Icebergs are a well-known hazard for shipping. Their study also provides information about diverse geophysical processes, as varied as ocean circulation, air-sea fluxes, calving rates of glaciers or the mass balance of ice sheets. As a first step to obtaining this information from iceberg data we have developed a model of iceberg drift driven by ocean and atmospheric forcing derived from general circulation models. We have applied the drift model to a distribution of typical icebergs released from the main tidewater glaciers of the North Atlantic and Arctic Oceans. We demonstrate that the main driving force of iceberg motion is rooted in the unsteady component of oceanic advection. From simulated trajectories we are able to reproduce the observed southwards limit of iceberg penetration and demonstrate sometimes surprising geographical links between iceberg origin and ultimate melting zones. Copyright 1996 by the American Geophysical Union.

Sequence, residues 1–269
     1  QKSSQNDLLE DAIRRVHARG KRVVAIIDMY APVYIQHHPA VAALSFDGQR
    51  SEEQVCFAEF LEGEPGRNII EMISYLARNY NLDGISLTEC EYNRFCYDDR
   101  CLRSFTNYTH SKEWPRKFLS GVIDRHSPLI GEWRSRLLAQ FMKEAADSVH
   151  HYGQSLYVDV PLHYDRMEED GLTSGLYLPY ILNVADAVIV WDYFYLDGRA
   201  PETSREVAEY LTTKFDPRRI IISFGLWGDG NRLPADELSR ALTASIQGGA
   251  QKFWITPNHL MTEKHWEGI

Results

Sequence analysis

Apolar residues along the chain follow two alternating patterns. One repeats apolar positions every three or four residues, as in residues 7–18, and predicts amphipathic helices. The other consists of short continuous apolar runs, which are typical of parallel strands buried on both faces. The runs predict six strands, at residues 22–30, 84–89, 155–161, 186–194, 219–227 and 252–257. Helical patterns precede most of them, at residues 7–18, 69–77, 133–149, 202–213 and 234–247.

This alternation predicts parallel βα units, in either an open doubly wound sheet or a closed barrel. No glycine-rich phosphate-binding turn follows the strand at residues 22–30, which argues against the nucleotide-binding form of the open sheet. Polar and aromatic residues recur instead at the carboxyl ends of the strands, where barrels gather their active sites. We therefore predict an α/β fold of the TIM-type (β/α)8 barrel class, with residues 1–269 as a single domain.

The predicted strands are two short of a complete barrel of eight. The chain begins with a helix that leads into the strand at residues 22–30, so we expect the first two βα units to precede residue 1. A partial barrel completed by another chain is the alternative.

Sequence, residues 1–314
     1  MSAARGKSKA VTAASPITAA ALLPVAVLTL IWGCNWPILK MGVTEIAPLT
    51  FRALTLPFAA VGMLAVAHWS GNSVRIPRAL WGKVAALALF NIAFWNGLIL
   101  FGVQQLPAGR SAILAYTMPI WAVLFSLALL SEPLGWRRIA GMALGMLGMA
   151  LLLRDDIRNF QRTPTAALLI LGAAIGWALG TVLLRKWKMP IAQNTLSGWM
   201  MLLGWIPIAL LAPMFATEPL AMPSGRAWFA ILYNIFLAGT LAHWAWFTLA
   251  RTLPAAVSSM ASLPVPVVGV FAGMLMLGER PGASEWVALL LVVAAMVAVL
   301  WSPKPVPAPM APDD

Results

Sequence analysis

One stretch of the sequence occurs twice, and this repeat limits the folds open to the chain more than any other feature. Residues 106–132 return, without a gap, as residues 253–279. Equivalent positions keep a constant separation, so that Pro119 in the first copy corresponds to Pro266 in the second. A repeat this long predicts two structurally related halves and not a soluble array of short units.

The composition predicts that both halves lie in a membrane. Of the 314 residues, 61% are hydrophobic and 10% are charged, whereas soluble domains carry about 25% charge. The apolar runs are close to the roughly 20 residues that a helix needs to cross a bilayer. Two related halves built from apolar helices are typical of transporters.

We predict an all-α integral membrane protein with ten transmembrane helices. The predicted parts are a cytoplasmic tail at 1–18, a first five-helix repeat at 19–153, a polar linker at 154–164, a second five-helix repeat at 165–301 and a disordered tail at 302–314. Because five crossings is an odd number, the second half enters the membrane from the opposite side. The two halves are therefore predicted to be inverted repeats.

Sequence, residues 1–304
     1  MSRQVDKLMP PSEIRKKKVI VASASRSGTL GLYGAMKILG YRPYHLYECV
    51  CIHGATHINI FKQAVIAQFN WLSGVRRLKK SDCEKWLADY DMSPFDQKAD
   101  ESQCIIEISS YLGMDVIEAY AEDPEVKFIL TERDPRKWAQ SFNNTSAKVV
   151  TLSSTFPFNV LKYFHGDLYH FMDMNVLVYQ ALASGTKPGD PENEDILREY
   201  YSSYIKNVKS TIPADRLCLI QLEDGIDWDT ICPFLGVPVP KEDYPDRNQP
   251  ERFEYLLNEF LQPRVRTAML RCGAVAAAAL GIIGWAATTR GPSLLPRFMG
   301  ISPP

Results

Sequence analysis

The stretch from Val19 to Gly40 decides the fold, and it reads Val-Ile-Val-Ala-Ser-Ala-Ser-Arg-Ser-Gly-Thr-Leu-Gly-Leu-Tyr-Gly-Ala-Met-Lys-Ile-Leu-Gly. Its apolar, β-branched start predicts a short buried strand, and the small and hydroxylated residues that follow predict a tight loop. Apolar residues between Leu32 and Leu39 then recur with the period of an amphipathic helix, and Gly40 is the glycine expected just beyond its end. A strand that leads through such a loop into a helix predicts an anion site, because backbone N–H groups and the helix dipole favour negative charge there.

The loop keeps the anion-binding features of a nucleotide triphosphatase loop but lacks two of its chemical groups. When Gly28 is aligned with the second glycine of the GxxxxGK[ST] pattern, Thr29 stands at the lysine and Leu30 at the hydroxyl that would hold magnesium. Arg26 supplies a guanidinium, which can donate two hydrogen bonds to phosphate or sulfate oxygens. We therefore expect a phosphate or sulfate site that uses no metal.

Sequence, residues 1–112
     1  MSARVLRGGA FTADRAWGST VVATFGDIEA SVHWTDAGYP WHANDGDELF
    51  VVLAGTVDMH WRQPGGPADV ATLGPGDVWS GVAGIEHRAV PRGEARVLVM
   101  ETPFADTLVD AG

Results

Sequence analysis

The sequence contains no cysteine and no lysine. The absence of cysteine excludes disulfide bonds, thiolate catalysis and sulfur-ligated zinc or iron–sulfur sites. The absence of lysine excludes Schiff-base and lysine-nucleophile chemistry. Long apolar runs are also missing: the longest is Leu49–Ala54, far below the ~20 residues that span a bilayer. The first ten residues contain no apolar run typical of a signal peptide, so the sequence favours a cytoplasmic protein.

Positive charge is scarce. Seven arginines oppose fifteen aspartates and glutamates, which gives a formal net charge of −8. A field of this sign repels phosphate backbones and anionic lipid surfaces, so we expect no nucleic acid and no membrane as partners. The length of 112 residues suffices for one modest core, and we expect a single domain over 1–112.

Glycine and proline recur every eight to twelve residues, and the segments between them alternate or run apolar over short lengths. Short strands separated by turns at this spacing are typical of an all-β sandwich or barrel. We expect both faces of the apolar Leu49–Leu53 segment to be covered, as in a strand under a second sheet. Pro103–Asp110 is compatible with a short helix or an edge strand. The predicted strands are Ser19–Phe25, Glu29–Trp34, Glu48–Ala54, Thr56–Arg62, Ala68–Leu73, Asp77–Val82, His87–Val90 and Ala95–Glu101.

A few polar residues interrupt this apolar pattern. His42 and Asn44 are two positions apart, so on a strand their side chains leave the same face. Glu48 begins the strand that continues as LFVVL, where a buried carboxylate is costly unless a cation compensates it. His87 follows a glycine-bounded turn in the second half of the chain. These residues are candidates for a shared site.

|Number of pages||4|
|Journal||Geophysical Research Letters|
|Publication status||Published - 1 Dec 1996|